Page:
190812_FLEA

A shopper looks over an extensive collection of Pyrex and CorningWare bowls at the Elkhorn Flea Market on Sunday. The market is held four times a year and has thrived by insisting the vendors bring in vintage and antique goods.

ELKHORN

Before there was Potato Head, there was Mr. Potato Head, Mr. Cucumber Head and Mr. Carrot Head.

I know this because all three of them are sitting on my desk, along with Mr. Green Pepper Head and a Parker Pen store display.

The appearance of plastic vegetables with interchangeable parts is an unmistakable sign: Someone has been to the Elkhorn Flea Market. Held four times a year at the Walworth County Fairgrounds, the event has been around for almost four decades. Vendors and buyers come from all over to shop and sell, with the majority of them coming from Wisconsin, Illinois, Michigan and Minnesota.

Locals who know about the event might be inclined to keep it under their hat—or, in Mr. Cucumber’s case, his bowler. One woman, who declined to be named, acted as though it was a state secret. She doesn’t tell her family members about it because she wants to “get at the good stuff first.” With more than 500 booths, it’s difficult to imagine how a couple more sisters could make a dent in the shopping experience.

Nona Knapp helped start the flea market in 1982. She and her then-husband enjoyed hunting around for antiques. As a teacher, she had summers off and started small.

It took about 12 years to take off, but when it did, it became the go-to place for dealers and customers.

“Back then, I was competing with a bunch of other flea markets,” Knapp said. “Now they have to compete with me.”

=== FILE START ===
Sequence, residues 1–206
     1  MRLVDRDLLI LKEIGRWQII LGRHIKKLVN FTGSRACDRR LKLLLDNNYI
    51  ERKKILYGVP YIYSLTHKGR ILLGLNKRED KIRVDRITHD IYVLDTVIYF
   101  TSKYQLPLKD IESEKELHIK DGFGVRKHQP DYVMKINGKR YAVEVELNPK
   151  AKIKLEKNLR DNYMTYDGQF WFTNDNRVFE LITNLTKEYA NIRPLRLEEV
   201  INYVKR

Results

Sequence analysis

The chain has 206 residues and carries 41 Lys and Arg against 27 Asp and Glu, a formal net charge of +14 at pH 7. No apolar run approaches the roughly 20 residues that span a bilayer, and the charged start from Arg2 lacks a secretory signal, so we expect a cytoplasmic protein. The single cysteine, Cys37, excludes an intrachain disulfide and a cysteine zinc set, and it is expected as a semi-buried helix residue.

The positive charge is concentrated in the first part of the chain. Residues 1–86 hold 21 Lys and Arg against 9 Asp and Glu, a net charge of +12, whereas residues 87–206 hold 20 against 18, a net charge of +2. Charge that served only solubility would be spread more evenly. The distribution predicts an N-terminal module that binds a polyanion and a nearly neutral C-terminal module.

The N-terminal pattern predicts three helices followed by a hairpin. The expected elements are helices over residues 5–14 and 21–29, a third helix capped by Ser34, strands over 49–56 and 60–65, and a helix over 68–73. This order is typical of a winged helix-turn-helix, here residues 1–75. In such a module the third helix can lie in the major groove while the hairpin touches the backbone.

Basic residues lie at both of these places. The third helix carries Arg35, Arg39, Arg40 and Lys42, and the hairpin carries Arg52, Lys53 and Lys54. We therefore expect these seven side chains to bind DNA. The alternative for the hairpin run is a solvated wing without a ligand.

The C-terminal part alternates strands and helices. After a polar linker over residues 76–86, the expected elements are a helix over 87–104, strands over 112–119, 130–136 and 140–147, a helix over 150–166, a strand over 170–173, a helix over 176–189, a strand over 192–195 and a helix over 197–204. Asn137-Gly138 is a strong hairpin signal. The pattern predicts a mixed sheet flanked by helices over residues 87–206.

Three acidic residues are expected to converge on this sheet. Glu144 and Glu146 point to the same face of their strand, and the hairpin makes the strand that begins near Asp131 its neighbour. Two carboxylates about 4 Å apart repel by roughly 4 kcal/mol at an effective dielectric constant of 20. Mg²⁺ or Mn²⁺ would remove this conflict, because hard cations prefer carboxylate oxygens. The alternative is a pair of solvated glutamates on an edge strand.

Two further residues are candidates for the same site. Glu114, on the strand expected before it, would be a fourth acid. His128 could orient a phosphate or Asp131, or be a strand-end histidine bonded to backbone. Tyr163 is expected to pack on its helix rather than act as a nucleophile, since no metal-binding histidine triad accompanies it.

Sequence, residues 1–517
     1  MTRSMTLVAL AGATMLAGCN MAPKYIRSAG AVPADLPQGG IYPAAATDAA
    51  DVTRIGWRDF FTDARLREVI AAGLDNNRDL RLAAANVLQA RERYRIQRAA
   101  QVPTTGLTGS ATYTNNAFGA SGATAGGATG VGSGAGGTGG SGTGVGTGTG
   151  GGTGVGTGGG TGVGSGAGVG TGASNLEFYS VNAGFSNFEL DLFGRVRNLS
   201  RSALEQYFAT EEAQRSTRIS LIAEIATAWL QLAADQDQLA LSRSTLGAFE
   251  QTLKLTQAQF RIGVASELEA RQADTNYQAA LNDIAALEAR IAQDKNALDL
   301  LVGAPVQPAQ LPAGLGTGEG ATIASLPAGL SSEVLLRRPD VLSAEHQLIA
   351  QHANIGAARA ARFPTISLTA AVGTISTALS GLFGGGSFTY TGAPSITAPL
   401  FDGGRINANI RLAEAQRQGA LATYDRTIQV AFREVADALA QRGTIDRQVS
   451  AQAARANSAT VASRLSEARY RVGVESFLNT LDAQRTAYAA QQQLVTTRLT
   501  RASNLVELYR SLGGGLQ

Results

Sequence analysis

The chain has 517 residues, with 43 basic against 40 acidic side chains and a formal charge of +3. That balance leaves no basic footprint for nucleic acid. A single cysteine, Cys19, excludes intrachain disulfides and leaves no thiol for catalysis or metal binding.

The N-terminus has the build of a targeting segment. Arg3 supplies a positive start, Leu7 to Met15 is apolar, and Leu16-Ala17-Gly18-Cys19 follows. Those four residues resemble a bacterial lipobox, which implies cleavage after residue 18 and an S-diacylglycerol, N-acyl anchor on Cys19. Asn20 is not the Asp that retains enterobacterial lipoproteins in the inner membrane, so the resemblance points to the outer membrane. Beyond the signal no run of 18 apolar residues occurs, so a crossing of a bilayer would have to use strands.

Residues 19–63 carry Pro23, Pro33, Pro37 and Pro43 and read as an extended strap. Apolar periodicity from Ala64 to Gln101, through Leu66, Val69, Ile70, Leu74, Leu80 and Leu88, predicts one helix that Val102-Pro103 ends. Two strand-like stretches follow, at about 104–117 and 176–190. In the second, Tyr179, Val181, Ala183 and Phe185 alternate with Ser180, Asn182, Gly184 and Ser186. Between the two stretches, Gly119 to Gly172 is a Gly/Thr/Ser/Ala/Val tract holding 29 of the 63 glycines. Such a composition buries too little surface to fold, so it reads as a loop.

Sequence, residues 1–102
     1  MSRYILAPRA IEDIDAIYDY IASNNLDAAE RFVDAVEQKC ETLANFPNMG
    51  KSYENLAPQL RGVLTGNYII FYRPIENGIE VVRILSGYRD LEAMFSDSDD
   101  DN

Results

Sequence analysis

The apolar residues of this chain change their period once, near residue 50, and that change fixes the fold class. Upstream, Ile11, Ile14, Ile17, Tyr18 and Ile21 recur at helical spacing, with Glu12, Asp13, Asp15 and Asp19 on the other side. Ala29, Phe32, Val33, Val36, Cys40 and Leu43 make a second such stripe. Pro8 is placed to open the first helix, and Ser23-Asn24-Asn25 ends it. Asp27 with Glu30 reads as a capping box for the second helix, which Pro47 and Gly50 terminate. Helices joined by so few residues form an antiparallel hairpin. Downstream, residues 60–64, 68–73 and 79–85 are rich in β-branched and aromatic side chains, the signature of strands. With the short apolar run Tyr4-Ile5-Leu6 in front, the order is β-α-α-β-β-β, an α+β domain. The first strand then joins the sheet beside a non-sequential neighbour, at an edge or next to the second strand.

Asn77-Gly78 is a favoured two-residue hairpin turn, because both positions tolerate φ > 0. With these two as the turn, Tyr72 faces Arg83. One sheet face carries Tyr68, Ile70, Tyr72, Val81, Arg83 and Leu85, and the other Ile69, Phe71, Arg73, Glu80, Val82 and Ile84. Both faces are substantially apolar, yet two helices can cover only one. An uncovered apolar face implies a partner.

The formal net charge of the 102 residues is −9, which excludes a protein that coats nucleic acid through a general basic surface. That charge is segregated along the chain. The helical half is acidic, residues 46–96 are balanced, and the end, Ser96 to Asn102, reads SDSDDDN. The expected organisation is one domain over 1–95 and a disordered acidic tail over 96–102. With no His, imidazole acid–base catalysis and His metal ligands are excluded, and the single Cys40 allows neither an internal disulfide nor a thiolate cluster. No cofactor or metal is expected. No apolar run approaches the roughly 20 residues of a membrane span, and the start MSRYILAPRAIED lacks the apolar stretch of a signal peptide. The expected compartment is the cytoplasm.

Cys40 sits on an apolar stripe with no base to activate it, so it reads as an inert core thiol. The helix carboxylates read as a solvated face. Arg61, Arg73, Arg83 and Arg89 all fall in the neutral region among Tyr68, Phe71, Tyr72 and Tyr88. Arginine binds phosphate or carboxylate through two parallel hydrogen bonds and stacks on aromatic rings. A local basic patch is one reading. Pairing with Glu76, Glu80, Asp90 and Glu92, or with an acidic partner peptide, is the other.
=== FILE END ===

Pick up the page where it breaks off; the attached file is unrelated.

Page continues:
Knapp said raising the bar helped the business thrive.

“We control the type of stuff that comes in,” Knapp said. “It can only be old; it can only be antiques.”

So no dealers with sunglasses, T-shirts, belt buckles or any other newish goods. A handful of vegetable vendors are the exception to the rule.

Knapp’s manager asks vendors what they plan to bring, and crafters are turned away.

Knapp and her husband Skip Knapp make the rounds to all the booths. They don’t mind one or two modern items, but the rest of the booth should be vintage and antique.

And if they’re not?

“Then maybe they won’t get a space next time,” Knapp said.

Another surprising element of their success? Tables.

A number of years ago, Skip Knapp and his son made a number of wooden tables. Designed with the best hardware to withstand tipping and other flea market hazards, the tables allowed dealers to put more stuff in their trailers.

While a few dealers specialized in items such as tools, postcards or vintage jewelry, the majority of booths were a mix of whatever could fit into those trailers.

A quick run through of the grounds took more than an hour. Items for sale included 10-gallon lard buckets, fine bone china tea cups with matching saucers, cottage cheese containers, window screens, church pews, pulpits, headboards, tools, a sign advising that parking was for “McDonalds customers only,” phonographs, record players, costume jewelry, antique furniture, 25-cent buckles, records, old toys, ancient toys, dial phones, toy sewing machines and mid-century modern everything.

Antique and vintage shopping trends wax and wane, Knapp said.

Now, “anything advertising” such as signs and display cases are a big deal.

A couple years ago it was furniture, she said.

Skip Knapp said he saw a hall tree with a bench at its base that would have been worth $2,400 a couple of years ago. On Sunday, it was selling for $395.

As for Mr. Cucumber Head and his pals, let’s just say that their monetary price was reasonable. I mean, when else are you going to get so many hats, hands and noses hands for $15?

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